• The Square railing or harmika situated in the centre marks the sacred burial site.
  • The Chattra or the large hemispherical umbrella-like structure that covers the burial site completes this magnificent structure. The Great Stupa has 3 circular umbrella disks, representative of the three jewels, or Triantha of Buddhism. These chattras are supproted by a large central pillar.

In addition to these fundamental structures, the Sanchi Stupa has additional features that add to its glory. Lord Buddha has been symbolically represented through the use of the figures like thrones, wheels and footprints among others, a unique representation of the founder of Buddhism. There are four intricately decorated gateways in the four cardinal directions, joined by a balustrade wall that encloses the entire monument. Various designs and motifs are carved on the railing and the gates of the Stupa. A sandstone pillar, inscribed with Schism Edict by Ashoka can be found at the site. An ornate spiral from the Gupta period, with Brahmi characters resembling conch shells, referred to as ‘Shankhalipi’ or ‘shell-script’, was later installed at the location.

Being around for a couple of millenia, this fascinating structure has stood the ravages of time and war that have affected the land. The stone casing, porch with a double flight of steps, balustrades, a processional path, an umbrella and railing, all built of sandstone, were added in the 2nd century BC. The stone encasing holds the original brick foundation of the monument. The original carvings of the structures depict the life of Buddha, which have been blended well with carvings of the various classical periods of India. The lion, a sign of Buddha, is carved into various locations. The overall architecture is meant to represent the various tenets of the Buddhist faith, with each of the carvings narrating their own tale.

Interesting Facts About Sanchi Stupa

  • The Sanchi Stupa was constructed in the honour of Lord Buddha by Emperor Ashoka in 3rd century BC
  • The height of the Great Stupa is around 54 feet
  • Most of the Buddha statues at the Sanchi Stupa were said to be painted with a legendary Mauryan polish that made them shine like glass in the erstwhile days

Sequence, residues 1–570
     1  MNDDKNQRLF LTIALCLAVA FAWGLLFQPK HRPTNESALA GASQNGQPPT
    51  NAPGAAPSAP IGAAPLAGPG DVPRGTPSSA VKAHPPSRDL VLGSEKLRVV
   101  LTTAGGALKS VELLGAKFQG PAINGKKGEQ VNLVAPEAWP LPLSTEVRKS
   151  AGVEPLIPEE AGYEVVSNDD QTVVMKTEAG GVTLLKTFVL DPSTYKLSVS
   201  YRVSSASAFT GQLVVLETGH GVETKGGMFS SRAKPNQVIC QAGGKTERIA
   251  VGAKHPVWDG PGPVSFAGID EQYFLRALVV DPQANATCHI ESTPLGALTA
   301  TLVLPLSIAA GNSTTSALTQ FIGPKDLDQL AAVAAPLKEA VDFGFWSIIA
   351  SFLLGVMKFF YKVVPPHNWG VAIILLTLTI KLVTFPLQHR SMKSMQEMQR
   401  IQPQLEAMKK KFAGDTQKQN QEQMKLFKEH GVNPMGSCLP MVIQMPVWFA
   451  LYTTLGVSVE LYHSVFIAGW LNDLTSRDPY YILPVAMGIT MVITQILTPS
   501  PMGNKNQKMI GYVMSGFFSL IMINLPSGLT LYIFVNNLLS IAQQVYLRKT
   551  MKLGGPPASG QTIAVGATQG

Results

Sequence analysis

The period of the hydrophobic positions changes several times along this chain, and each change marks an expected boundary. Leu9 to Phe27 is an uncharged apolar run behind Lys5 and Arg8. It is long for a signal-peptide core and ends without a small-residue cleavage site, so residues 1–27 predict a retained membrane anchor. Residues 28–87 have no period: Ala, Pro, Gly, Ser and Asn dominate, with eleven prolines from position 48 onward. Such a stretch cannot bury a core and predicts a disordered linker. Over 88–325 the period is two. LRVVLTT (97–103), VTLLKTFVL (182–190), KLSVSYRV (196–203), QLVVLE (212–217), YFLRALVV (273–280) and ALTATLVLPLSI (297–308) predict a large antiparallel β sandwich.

• The Stupa actually symbolises the life of Buddha and his final release from the cycle of birth and rebirth (Moksha)
  • The last addition to the Stupa was done during the rule of the Guptas, prior to 450 AD
  • The Stupa is surrounded by four gateways that represent various scenes from the life of Lord Buddha and the Jataka Tales
  • The national emblem of India was derived from the Ashoka Pillar of Sanchi Stupa.
  • Sanchi Stupa is a UNESCO World Heritage Site

Entry Fee

Sanchi, Madhya Pradesh

Indian citizens, visitors of SAARC and BIMSTEC nations (Bangladesh, Nepal, Bhutan, Sri Lanka, Pakistan, Maldives, Afghanistan, Thailand, Myanmar) is INR 30 Foreigners (other): INR 500 Free for children up to 15 years of age.

Timings

8:30 AM - 5:30 PM

Sanchi does not have too many elaborate eating places or delicacies that stand out. However, the town does foster a subtle variety and the few eating joints available here offer decent North Indian, South Indian, Chinese and Continental dishes. The local delicacies of Madhya Pradesh that you might chance upon here include Dal Bafla, Biryani, Kebabs, Korma, Poha, Rogan Josh, Jalebi, Ladoos as well as beverages like Lassi and Sugarcane Juice.


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Latest questions by travellers on Sanchi

Answer: The Sanchi Stupa is open to the public from 7 am to 7 pm, or sunrise to sunset, depending on the seasons.